Environmental Factor, October 2010, National Institute of Environmental Health Sciences
European Teratology Society honors NIEHS-led research
By Melissa Kerr
A study funded by an interagency agreement between NIEHS and the U.S. Food and Drug Administration (FDA) was honored as Paper of the Year at the European Teratology Society (ETS) annual conference Sept. 5-8 in Barcelona, Spain.
NIEHS Staff Scientist Retha Newbold was principal investigator and senior author on the study (http://www.ncbi.nlm.nih.gov/pubmed/19159674) . First author Barry Delclos, Ph. D., an FDA National Center for Toxicological Research (NCTR) pharmacologist, presented an Elsevier Award lecture based on the research.
The Elsevier Award is an honor given to authors of the paper selected by Reproductive Toxicology (http://www.elsevier.com/wps/find/journaldescription.cws_home/525489/description#description) the previous year.council members as the best paper published in the journal
Expanding on research initiated by the National Toxicology Program (NTP), the study examined multiple generations and collected data on chronic toxicity and reproductive effects of exposure to genistein and ethinyl estradiol (EE2). The study was an effort to address aspects of the endocrine disruptor hypothesis, which emerged from work on diethylstilbestrol (DES), a synthetic estrogen that is well established as a cause of several adverse affects in both sexes, including carcinogenesis.
According to the endocrine disruptor hypothesis, there are other chemicals in the environment that are weaker estrogens than DES, but could still have the potential to cause similar adverse effects in both human and wildlife populations.
Genistein is a phytoestrogen found commonly in soy-based foods, dietary supplements and infant formulas. EE2 is a bio-active estrogen used in almost all modern oral contraceptive pill formulas and is also found as an environmental contaminant. The experiments spanned five generations and compared the similar and different adverse effects observed by feeding the test subject the two different chemicals at several dose levels.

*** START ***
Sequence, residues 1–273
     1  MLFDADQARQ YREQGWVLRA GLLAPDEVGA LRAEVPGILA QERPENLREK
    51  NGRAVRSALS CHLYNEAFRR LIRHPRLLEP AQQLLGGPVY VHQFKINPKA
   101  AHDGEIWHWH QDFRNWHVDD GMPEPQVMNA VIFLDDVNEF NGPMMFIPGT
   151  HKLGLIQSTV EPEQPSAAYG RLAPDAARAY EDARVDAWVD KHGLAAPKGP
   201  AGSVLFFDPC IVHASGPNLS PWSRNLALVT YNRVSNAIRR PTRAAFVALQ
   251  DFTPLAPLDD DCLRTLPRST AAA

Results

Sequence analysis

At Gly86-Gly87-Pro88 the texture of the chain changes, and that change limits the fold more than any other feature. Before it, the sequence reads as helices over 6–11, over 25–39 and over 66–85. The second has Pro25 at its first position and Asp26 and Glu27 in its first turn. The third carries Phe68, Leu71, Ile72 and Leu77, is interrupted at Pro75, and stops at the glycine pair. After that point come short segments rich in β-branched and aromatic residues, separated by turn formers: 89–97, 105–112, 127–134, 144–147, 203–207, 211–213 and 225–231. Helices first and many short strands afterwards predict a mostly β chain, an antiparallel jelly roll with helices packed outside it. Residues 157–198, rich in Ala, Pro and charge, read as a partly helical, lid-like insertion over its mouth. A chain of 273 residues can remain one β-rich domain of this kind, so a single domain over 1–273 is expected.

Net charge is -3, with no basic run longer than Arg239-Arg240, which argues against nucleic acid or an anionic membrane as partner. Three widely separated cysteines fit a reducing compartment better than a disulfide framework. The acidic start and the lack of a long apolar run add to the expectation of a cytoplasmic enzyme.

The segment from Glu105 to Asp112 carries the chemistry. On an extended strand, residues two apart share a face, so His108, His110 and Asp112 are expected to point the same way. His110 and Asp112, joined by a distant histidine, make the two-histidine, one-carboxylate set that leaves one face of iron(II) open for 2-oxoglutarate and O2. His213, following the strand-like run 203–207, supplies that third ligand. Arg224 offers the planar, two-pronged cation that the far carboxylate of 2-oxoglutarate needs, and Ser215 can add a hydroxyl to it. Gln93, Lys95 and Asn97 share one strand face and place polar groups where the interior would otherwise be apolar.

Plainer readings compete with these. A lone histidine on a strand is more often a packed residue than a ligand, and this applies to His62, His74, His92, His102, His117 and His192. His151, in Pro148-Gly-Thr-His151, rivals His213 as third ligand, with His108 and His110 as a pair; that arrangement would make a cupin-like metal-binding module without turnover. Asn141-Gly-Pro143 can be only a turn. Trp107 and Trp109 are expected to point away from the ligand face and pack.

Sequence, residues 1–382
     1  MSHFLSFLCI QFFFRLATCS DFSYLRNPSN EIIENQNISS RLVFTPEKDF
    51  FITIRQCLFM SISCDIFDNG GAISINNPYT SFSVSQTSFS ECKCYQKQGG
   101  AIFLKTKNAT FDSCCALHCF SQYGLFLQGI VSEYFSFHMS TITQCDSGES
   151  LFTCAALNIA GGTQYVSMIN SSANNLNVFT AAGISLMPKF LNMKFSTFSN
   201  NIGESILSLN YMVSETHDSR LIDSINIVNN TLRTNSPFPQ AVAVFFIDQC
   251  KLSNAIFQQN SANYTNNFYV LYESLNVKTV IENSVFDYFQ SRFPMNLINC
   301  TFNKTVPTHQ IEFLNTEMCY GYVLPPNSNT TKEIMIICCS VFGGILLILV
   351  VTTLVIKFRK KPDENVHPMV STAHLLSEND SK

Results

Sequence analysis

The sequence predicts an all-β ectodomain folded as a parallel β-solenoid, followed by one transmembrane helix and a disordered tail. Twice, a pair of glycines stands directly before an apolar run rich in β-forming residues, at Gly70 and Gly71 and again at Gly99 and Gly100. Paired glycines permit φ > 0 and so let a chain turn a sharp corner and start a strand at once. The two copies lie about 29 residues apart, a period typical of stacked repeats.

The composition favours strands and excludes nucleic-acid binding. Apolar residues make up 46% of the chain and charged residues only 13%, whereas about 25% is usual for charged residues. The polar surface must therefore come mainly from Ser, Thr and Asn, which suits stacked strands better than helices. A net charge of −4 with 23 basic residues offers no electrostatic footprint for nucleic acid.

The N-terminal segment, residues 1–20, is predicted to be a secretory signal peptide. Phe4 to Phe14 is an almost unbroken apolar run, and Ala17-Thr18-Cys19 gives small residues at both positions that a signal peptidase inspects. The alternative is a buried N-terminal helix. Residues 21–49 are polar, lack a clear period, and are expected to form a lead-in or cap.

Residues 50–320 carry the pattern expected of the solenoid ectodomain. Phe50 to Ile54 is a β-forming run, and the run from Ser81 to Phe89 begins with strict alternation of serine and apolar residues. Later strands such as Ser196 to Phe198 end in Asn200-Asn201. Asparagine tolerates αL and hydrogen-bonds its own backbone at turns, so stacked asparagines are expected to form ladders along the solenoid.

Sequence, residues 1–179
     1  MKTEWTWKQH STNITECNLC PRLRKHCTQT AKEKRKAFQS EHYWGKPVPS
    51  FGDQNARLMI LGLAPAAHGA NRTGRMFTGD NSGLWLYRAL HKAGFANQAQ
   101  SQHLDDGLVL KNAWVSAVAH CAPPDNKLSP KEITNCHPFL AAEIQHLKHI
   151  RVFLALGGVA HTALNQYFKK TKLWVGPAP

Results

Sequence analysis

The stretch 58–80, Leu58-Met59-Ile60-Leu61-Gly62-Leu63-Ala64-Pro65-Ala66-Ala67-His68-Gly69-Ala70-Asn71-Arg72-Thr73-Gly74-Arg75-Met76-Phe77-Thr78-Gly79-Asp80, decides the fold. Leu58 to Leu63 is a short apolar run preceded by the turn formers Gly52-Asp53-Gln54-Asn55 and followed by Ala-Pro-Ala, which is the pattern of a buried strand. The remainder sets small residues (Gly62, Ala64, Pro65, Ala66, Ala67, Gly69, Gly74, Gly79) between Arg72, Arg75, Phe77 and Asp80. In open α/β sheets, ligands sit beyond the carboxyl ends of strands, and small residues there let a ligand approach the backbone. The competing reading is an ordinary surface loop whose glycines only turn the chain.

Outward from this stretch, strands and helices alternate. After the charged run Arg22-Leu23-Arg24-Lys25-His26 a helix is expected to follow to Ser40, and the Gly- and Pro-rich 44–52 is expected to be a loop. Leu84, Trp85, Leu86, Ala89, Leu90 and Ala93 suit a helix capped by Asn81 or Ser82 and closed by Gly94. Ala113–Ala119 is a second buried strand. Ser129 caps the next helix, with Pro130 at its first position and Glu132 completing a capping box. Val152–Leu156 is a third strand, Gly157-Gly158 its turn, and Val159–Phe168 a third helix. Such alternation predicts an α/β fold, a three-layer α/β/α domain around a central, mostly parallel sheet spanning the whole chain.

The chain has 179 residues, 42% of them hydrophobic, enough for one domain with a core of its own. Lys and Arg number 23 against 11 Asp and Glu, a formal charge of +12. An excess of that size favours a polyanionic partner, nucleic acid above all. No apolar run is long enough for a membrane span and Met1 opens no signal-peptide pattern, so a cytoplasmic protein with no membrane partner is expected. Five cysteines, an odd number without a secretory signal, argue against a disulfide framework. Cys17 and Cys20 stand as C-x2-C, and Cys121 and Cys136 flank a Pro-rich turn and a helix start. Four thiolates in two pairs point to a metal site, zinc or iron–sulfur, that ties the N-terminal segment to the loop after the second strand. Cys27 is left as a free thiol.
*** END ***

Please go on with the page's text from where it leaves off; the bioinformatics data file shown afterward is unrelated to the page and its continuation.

According to the study report, both EE2 and genistein in high doses showed similar effects in continuously exposed female rats, "including decreased body weights, accelerated vaginal opening, and altered estrous cycles in young animals." Genistein-treated animals showed a reduction in litter size, while EE2 significantly increased the occurrence of uterine lesions. The offspring of succeeding generations of exposed animals also showed some of the effects. The relevance of the findings to human exposure situations is unknown at this point.
It was the first time Delclos had attended the annual meeting. "I found it to be an interesting meeting," he said, "conductive to open discussion and exchange of ideas." According to the Society's Website, the objectives of ETS are to stimulate interest in and promote the sharing of ideas and information about the causes and prevention of adverse effects on reproduction and development. The conference, held in conjunction with the European Network of Teratology Information Services (ENTIS), explored the causes and prevention of birth defects in Europe.
Delclos said he enjoyed working with and learning from Newbold. He explained, "The most important thing to me [about the award] is that the hard work of the many individuals involved in the planning and conduct of these studies, both here at NCTR and at NTP, was acknowledged."
Citation: Delclos KB, Weis CC, Bucci TJ, Olson G, Mellick P, Sadovova N, Latendresse JR, Thorn B and Newbold RR. (http://www.ncbi.nlm.nih.gov/pubmed/19159674) 2009. Overlapping but distinct effects of genistein and ethinyl estradiol (EE(2)) in female Sprague-Dawley rats in multigenerational reproductive and chronic toxicity studies. Reprod Toxicol 27(2):117-132.
(Melissa Kerr studies chemistry at North Carolina Central University. She is currently an intern in the NIEHS Office of Communications and Public Liaison.)